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(Born Wednesday 14 May 2014 at 5:23 AM, 3.3 kg 53 cm)

 

Marvellous.  Emily, my eldest daughter, has given birth to my first natural Grandchild (I have three step-grandchildren).  She and Guido have named him Leander.  Mother and child are well.

According to Wikipedia, the original most famous Leander is the central character the the Greek Myth of Hero and Leander.

In the myth, Leander (Ancient Greek: Λέανδρος, Léandros), a young man from Abydos on the Asian side of the Dardanelles fell in love with Hero a priestess of Aphrodite (Roman equivalent: Venus the goddess of love) who dwelt in a tower in Sestos on the European side of the Hellespont

His soft words, and his argument that Aphrodite would scorn the worship of a virgin, persuaded the beautiful Hero to take Leander as her lover. Every night he would swim across the Hellespont to be with her. Hero would light a lamp at the top of her tower to guide his way. These trysts lasted through the warm summer.

On Hellespont, guilty of true love's blood,
In view and opposite two cities stood,
Sea-borderers, disjoin'd by Neptune's might:
The one Abydos, the other Sestos hight.
At Sestos Hero dwelt; Hero the fair,
Whom young Apollo courted for her hair.

from Christopher Marlowe's poem Hero and Leander

 

But one stormy winter night, the waves tossed Leander in the sea and the breezes blew out Hero's light.  Leander lost his way and was drowned. When Hero saw his dead body, she threw herself over the edge of the tower to her death to be with him.

 


The Last Watch of Hero by Frederic Leighton,
depicting Hero anxiously waiting for Leander during the storm.

 

According to Wikipedia, people named Leander include:

A number of warships and warship classes of the Royal Navy have been given this famous name:

  • HMS Leander, various Royal Navy ships

    • Leander class, three ship classes

     

  • HMNZS Leander, a Royal New Zealand Navy light cruiser of World War II, originally HMS Leander of the British Royal Navy

  • SS Leander, a number of ships with this name

  • Leander (clipper), a clipper built in 1867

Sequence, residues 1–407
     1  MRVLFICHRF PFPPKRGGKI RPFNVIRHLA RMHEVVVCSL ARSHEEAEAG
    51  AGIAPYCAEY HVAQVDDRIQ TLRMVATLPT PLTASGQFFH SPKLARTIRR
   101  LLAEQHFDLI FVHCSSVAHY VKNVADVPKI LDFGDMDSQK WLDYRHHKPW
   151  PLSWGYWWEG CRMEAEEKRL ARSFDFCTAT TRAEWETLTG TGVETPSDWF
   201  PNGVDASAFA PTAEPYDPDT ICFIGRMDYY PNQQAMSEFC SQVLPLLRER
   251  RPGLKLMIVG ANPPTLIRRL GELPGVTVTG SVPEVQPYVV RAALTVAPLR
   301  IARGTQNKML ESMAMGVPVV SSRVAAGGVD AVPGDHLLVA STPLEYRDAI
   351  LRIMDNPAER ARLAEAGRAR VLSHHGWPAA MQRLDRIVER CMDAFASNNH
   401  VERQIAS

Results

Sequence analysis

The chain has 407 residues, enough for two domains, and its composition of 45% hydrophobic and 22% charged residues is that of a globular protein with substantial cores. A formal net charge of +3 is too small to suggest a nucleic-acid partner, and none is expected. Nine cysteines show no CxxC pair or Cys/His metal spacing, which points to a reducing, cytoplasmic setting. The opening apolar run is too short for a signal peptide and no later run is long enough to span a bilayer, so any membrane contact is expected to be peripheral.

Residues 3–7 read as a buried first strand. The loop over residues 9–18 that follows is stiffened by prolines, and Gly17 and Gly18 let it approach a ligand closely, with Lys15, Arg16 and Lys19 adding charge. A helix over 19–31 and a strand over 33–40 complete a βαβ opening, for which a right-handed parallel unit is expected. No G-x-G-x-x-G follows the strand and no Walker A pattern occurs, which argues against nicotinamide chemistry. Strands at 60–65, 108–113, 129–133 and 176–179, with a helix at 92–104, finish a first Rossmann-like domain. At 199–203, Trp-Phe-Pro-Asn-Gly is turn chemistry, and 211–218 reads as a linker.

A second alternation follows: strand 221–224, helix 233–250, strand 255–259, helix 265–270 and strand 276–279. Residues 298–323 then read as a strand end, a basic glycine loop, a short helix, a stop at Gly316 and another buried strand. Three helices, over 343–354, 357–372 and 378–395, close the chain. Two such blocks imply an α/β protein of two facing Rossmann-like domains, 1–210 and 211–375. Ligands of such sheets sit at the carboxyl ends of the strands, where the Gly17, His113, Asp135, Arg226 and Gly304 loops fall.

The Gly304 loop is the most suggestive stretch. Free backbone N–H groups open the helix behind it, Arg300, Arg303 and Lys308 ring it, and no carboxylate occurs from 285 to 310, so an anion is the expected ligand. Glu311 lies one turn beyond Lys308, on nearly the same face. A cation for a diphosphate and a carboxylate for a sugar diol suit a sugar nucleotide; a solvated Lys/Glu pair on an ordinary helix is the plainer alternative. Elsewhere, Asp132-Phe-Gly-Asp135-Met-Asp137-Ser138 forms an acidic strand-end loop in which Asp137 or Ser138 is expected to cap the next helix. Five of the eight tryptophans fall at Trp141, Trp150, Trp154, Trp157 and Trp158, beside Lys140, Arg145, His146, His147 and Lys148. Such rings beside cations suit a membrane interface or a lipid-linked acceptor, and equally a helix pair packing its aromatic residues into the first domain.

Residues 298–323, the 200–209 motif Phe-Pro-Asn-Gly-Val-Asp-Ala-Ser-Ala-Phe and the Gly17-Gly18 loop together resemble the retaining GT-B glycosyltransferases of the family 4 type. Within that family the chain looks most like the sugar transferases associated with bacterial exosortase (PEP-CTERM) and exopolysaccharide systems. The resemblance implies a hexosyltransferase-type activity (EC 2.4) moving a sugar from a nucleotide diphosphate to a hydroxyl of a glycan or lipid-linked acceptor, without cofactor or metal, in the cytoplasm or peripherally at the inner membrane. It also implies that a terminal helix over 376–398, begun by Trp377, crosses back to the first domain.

I like the Myth of Hero and Leander.

When we were in Turkey in 2005 we crossed the Hellespont twice in a rented car. It didn't float on water but there was a convenient ferry. We were there principally to visit the battle site at Gallipoli but the whole region is interesting.  The Hellespont (Dardanelles) has been famous in history, myth and religion since the invention of writing; and maybe earlier.  The ancient city of Troy was nearby.

 

 

 

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Travel

India and Nepal

 

 

Introduction

 

In October 2012 we travelled to Nepal and South India. We had been to North India a couple of years ago and wanted to see more of this fascinating country; that will be the most populous country in the World within the next two decades. 

In many ways India is like a federation of several countries; so different is one region from another. For my commentary on our trip to Northern India in 2009 Read here...

For that matter Nepal could well be part of India as it differs less from some regions of India than do some actual regions of India. 

These regional differences range from climate and ethnicity to economic wellbeing and religious practice. Although poverty, resulting from inadequate education and over-population is commonplace throughout the sub-continent, it is much worse in some regions than in others.

Read more ...

Fiction, Recollections & News

Announcing Leander

 

(Born Wednesday 14 May 2014 at 5:23 AM, 3.3 kg 53 cm)

 

Marvellous.  Emily, my eldest daughter, has given birth to my first natural Grandchild (I have three step-grandchildren).  She and Guido have named him Leander.  Mother and child are well.

Read more ...

Opinions and Philosophy

Losing my religion

 

 

 

 

In order to be elected every President of the United States must be a Christian.  Yet the present incumbent matches his predecessor in the ambiguities around his faith.  According to The Holloverse, President Trump is reported to have been:  'a Catholic, a member of the Dutch Reformed Church, a Presbyterian and he married his third wife in an Episcopalian church.' 

He is quoted as saying: "I’ve had a good relationship with the church over the years. I think religion is a wonderful thing. I think my religion is a wonderful religion..."

And whatever it is, it's the greatest.

Not like those Muslims: "There‘s a lot of hatred there that’s someplace. Now I don‘t know if that’s from the Koran. I don‘t know if that’s from someplace else but there‘s tremendous hatred out there that I’ve never seen anything like it."

And, as we've been told repeatedly during the recent campaign, both of President Obama's fathers were, at least nominally, Muslim. Is he a real Christian?  He's done a bit of church hopping himself.

In 2009 one time United States President Jimmy Carter went out on a limb in an article titled: 'Losing my religion for equality' explaining why he had severed his ties with the Southern Baptist Convention after six decades, incensed by fundamentalist Christian teaching on the role of women in society

I had not seen this article at the time but it recently reappeared on Facebook and a friend sent me this link: Losing my religion for equality...

Read more ...

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